At one stage our path was also blocked by a black snake which luckily I spotted before stepping on it. It was about a metre long and after posing for a photo session eventually slithered off into one of the stone walls. On our return to the eco-centre we were told that there are several species of snake on the island, none of which are venomous.
11 June 2012
We have really enjoyed our 2 week stay on Cres, the largest of the Croatian islands, and during our time here we have visited most places. It is lush and green at this time of year and very laid back. Most of the coastal resorts are very small former fishing villages that now rely on tourism for the majority of their income. There is no high rise development, only a few small hotels and it is still very easy to find deserted coves and beaches. Like the rest of Croatia there are no sandy beaches and they are either pebble/shingle or concrete.
Tomorrow we will leave the island heading for Rovinj on the Istrian peninsular, probably our last stop before setting off for Calais and an early morning ferry crossing to Dover on 29 June.
12 June 2012
Today we arrived at Rovinj on the Istrian peninsular in the middle of a massive thunderstorm which produced hailstones about twice the size of a pea. It is amazing how much noise that makes when you are sat inside a van. About half an hour after the storm had passed the sun was shining again and the temperature was back to around 25 degs C.
Compared to the relative quiet of other places we have visited in Croatia the western Istrian Peninsular is definitely package holiday land. The campsite we are on at the moment is absolutely vast. It has a beachfront of 2 kilometres, 1650 pitches and space for almost 5,000 people. At this time of year it is still less than half full and relatively quiet but we don’t think we would like to be here in July and August.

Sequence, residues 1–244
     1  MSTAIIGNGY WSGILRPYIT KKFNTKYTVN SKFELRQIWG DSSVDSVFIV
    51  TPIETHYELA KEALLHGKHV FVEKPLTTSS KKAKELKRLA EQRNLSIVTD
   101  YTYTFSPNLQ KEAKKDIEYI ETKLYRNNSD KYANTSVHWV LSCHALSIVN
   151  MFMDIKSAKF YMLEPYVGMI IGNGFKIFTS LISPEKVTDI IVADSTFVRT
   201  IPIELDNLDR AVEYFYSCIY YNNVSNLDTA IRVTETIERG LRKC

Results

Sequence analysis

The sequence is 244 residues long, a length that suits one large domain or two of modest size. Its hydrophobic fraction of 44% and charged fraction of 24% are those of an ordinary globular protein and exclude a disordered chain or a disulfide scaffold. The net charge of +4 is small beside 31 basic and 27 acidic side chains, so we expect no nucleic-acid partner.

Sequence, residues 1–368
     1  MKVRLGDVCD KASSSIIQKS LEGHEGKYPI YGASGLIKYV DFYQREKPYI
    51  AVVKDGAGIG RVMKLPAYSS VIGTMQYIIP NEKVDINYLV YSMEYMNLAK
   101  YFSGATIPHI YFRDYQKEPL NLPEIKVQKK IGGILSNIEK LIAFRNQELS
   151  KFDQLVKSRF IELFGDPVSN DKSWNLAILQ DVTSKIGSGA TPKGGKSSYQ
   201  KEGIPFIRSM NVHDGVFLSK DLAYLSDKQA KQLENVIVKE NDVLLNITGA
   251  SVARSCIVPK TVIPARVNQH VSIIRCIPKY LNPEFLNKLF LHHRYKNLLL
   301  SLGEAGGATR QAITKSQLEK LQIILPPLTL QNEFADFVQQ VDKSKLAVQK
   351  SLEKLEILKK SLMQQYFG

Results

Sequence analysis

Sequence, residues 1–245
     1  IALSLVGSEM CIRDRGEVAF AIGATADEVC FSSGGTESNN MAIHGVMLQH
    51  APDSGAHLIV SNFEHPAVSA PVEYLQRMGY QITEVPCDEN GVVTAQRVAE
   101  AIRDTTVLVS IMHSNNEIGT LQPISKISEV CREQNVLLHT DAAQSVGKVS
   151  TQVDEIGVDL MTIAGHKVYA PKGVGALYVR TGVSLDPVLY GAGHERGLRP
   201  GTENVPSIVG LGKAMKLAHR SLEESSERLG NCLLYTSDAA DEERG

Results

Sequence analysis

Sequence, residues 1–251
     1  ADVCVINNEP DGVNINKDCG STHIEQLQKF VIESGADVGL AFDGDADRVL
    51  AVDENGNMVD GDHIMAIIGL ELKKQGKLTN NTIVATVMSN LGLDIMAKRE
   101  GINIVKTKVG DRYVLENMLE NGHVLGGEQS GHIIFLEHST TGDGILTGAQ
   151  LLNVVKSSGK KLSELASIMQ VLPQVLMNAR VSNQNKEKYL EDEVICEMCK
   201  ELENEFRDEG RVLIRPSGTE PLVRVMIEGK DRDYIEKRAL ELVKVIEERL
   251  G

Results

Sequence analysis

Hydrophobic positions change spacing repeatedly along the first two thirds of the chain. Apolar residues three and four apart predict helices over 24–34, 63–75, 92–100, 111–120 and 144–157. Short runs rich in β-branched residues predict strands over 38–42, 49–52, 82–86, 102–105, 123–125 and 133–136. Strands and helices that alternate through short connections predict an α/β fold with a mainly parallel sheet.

Croatia is very naturist friendly and there are many areas where naturism is permitted, including a section of this campsite. From our observations it appears that this is an activity that does not attract the young, fit and nubile and is mainly embraced by a more mature who would probably not win a body beautiful competition. Not a particularly pretty sight for us textile fans.
18 June 2012
Rovinj is a lovely town known as “Little Venice” and it is very pleasant just to wander amongst the narrow streets and alleyways, which are home to many artists. Amongst the general tacky souvenir type art we did find a couple of really good studio’s that we visited several times to try to buy something to take home. Although we got close, in the end we were unable to agree between us what would look good in a barn in Campton as well as in an artist’s studio in Rovinj.
So, off to Motovun which, is most famed for its truffles as well as allegedly being the home of even more artists. A very pretty hill village but not much in the way of art although we did come away with some jars of truffle sauce that make gold look cheap.
On the way back from Motovun we dropped in to Porec, which we were led to believe was an over developed package resort. We stumbled into an art gallery come souvenir shop and there before our eyes, was the picture we did not know we wanted. After some hefty negotiation we finally agreed a price and were then left with a 25 mile scooter journey back to Rovinj with a 70cm x 90cm framed oil painting. Full marks to herself for completing the trip without damage to the said object.